Illustration: Rebecca Zisser/Axios

The industry got a big win with Colorado's election of congressman and blockchain tech advocate Jared Polis as its new governor, but that's not all the news this week.

Catch up quick: A Securities and Exchange Commission official says "plain English" guidance on initial coin offerings is coming; Bitfury raised $80 million in new funding; and the SEC could target more token exchanges after EtherDelta.

SEC official says 'plain English' guidance on ICOs is coming (CoinDesk)

  • Why it matters: Speaking at a conference in D.C. this week, William Hinman, the SEC's director of corporation finance, gave cryptocurrency industry the news it's been waiting for a long time. Despite a growing number of enforcement actions against fraudulent or otherwise illegal digital token sales and initial coin offerings, the agency has yet to spell out exactly what counts as a securities sale.

Bitfury raises $80 million in new funding (Bitfury)

  • Why it matters: The company, which sells cryptocurrency mining hardware, was reportedly considering an IPO, which would have made it the first of the industry in Europe. One of its competitors, Bitmain, filed to go public in late September and could raise up to $3 billion from the offering. And despite the initial coin offering mania of the last two years, it looks like more traditional businesses selling infrastructure tools are currently best suited for the public markets.

Expect the SEC to target more token exchanges after EtherDelta (CoinDesk)

  • Why it matters: EtherDelta is the first digital currency exchange the SEC has gone after, though chairman Jay Clayton has long voiced his concerns about their lack of protections for investors. Another notable aspect of EtherDelta is that it's a so-called "decentralized exchange," which uses distributed systems to create its exchange. The SEC’s action signals that these exchanges won't be spared, and the agency will figure out who to hold accountable.

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Updated 37 mins ago - Politics & Policy

Coronavirus dashboard

Illustration: Aïda Amer/Axios

  1. Politics: Senate Democrats block vote on McConnell's targeted COVID relief bill McConnell urges White House not to strike stimulus deal before election.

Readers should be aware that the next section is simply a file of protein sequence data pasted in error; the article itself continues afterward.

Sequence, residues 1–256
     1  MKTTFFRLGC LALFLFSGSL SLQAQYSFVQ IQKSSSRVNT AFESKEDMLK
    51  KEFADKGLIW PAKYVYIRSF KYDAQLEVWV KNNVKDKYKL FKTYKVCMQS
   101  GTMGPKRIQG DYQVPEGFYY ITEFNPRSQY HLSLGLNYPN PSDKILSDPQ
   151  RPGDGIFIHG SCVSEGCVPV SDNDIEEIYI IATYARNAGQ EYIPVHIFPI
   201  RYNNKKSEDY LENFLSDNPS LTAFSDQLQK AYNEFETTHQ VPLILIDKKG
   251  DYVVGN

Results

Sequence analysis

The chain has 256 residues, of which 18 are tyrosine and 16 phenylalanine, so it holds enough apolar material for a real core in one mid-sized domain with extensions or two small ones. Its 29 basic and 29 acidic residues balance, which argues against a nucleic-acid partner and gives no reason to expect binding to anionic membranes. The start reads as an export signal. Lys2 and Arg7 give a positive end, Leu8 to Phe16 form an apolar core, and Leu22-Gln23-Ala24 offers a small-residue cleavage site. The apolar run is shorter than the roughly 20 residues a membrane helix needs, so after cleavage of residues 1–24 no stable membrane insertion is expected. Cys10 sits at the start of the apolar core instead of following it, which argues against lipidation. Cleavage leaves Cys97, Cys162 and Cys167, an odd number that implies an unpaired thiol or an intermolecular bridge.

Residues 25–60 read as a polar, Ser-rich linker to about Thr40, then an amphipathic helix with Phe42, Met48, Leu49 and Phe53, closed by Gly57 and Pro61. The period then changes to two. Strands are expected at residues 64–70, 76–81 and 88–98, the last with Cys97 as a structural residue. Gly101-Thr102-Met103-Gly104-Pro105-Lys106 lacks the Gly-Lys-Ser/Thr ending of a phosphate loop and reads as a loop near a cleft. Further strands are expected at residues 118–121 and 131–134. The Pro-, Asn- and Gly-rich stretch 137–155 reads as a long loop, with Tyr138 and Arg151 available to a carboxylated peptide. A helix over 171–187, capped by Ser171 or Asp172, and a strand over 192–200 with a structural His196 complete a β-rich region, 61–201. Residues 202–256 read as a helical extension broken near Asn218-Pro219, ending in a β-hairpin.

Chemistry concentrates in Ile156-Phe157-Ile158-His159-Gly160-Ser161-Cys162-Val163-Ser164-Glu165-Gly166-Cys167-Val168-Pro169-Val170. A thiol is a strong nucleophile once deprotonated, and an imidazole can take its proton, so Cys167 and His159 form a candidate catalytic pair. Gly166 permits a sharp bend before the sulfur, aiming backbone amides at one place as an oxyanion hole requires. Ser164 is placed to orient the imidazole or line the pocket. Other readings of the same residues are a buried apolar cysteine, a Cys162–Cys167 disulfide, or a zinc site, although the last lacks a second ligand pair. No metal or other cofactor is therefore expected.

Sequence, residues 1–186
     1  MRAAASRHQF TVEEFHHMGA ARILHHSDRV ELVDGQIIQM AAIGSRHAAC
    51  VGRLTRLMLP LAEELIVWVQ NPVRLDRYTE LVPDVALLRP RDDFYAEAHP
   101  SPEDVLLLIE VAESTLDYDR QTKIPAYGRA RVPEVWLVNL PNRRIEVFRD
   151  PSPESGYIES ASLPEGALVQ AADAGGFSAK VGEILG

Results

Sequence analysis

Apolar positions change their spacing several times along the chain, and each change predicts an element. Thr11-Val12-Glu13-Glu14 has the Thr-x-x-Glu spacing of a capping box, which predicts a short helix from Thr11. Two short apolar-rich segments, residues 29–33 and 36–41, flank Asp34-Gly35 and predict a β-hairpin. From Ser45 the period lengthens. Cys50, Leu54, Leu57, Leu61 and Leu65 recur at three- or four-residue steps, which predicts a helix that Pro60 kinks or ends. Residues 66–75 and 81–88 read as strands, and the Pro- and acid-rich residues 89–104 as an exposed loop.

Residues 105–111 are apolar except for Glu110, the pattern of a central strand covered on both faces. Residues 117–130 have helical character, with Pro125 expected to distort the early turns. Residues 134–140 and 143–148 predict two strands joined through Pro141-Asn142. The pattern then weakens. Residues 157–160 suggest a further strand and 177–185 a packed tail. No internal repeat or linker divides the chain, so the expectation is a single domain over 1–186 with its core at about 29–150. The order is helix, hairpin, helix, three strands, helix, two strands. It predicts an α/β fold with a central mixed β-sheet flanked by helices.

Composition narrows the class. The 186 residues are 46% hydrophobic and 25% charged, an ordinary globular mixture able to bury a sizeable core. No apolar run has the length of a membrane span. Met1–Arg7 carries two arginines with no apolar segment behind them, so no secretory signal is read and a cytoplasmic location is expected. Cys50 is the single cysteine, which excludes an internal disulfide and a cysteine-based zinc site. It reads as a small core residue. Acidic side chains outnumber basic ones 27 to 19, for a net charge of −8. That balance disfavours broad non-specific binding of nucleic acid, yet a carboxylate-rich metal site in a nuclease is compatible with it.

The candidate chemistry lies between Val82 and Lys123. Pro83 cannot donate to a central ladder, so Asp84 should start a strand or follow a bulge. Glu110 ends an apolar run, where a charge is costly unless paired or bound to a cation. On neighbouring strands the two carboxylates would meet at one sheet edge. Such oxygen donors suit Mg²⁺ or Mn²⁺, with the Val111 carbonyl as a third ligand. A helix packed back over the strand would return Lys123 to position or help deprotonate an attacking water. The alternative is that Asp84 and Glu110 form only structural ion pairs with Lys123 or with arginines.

2. Economy: Why the stimulus delay isn't a crisis (yet).
  3. Health: Studies show drop in COVID death rate — The next wave is gaining steam — The overwhelming aftershocks of the pandemic.
  4. Education: Schools haven't become hotspots — San Francisco public schools likely won't reopen before the end of the year.

Senate Democrats block vote on McConnell's targeted COVID relief bill

Photo: Stefani Reynolds/Getty Images

Senate Democrats on Wednesday blocked a vote on Republicans' $500 billion targeted COVID-19 relief bill, a far less comprehensive package than the $1.8 trillion+ deal currently being negotiated between the Trump administration and House Democrats.

Why it matters: There's little appetite in the Senate for a stimulus bill with a price tag as large as what President Trump and House Speaker Nancy Pelosi have been calling for. Senate Majority Leader Mitch McConnell's (R-Ky.) "skinny" proposal was mostly seen as a political maneuver, as it had little chance of making it out of the Senate.

The hazy line between politics and influence campaigns

Illustration: Aïda Amer/Axios

The recent firestorm over the New York Post’s publication of stories relying on data from a hard drive allegedly belonging to Hunter Biden shows the increasingly hazy line between domestic political “dirty tricks” and a foreign-sponsored disinformation operation.

Why it matters: This haziness could give determined actors cover to conduct influence operations aimed at undermining U.S. democracy through channels that just look like old-fashioned hard-nosed politics.